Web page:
Is apple cider set to become a major player in the domestic drink market?

Author: Dr Heidi Parkes Horticulturist, Queensland Department of Agriculture, Fisheries and Forestry 07 4681 6126 | heidi.parkes@daff.qld.gov.au

Author: Dr Heidi Parkes
Horticulturist, Queensland Department of Agriculture, Fisheries and Forestry
07 4681 6126 | heidi.parkes@daff.qld.gov.au

If you have taken a look in your local bottle shop fridge recently, you will probably have noticed a steady rise in the volume and variety of apple ciders on sale. Where once a cider drinker had the choice of ‘Strongbow’ sweet or dry, there are now many different brands and styles of cider available. The rise of cider festivals all over Australia is further testament to the growing interest in this drink.

In May this year, Queensland’s first cider festival was celebrated at Sutton’s Farm just north of Stanthorpe in the beautiful Granite Belt district. This event was particularly significant as it marked the release of Sutton’s first cider made entirely from cider apples grown on-site.

David Sutton, of Sutton’s Farm, has been making cider for 14 years and has spent time in France and England studying the cider production process. Cider can be made from dessert apples, cider apples or a blend of the two. Until recently, David has used commercial dessert varieties to produce his ciders. While he has produced some popular styles with this fruit, David feels that “cider made from commercial eating apple varieties simply does not have the depth of flavour that cider made from cider apples can achieve”.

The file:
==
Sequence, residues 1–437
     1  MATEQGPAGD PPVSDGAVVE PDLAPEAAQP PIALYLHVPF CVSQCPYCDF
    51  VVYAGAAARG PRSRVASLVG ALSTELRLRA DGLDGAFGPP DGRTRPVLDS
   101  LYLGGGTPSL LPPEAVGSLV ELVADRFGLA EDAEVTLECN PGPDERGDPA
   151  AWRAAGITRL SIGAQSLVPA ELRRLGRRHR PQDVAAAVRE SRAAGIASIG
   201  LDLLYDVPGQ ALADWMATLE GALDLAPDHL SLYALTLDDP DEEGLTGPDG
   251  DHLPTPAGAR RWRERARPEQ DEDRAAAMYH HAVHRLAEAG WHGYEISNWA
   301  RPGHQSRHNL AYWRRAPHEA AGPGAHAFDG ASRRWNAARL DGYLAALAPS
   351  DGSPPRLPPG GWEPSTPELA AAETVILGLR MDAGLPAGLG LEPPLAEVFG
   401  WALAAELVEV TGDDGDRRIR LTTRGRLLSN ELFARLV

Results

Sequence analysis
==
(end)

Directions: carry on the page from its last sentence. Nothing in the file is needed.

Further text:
(From left) David Sutton, Rhonda Hoffman and Roslyn Sutton, all of Sutton’s farm, took pleasure in organising the cider festival and working hard on the day to ensure its success.

(From left) David Sutton, Rhonda Hoffman and Roslyn Sutton, all of Sutton’s farm, took pleasure in organising the cider festival and working hard on the day to ensure its success.

It was this pursuit for a higher quality cider that led David to trial 20 different varieties of cider apple trees sourced from France and England, in his own orchard. There are some notable differences between growing cider apples in Europe and Australia. David has dispensed with the traditional Northern Hemisphere practice of harvesting fruit from the ground – gathering up rotten windfall apples in the heat of late summer is unlikely to produce quality cider.

A number of harvests later it is clear that some of these varieties, although very successful in Europe, are unlikely to succeed in the Queensland climate, producing low numbers of very small fruit that can be excessively bitter. Other varieties, however, have performed very well and David has plans to expand plantings of these so that he can continue to develop his cider production business. And just in case you’re interested, most cider apple varieties are purely for making cider, however there are a few such as ‘Freburg’ that also make good eating.

Cider would seem to make perfect sense for the Australian market providing a fantastically refreshing alternative to beer, particularly in the warmer months. With interest in cider on the rise in Australia it will be fascinating to watch how this side of the industry develops domestically in the next few years.

Guests enjoying the cider and food on offer a Sutton’s cider festival.

Guests enjoying the cider and food on offer a Sutton’s cider festival.

By |September 4th, 2014|Value added products|

About the Author:

APAL is an industry representative body and not-for-profit membership organisation that supports Australia’s commercial apple and pear growers.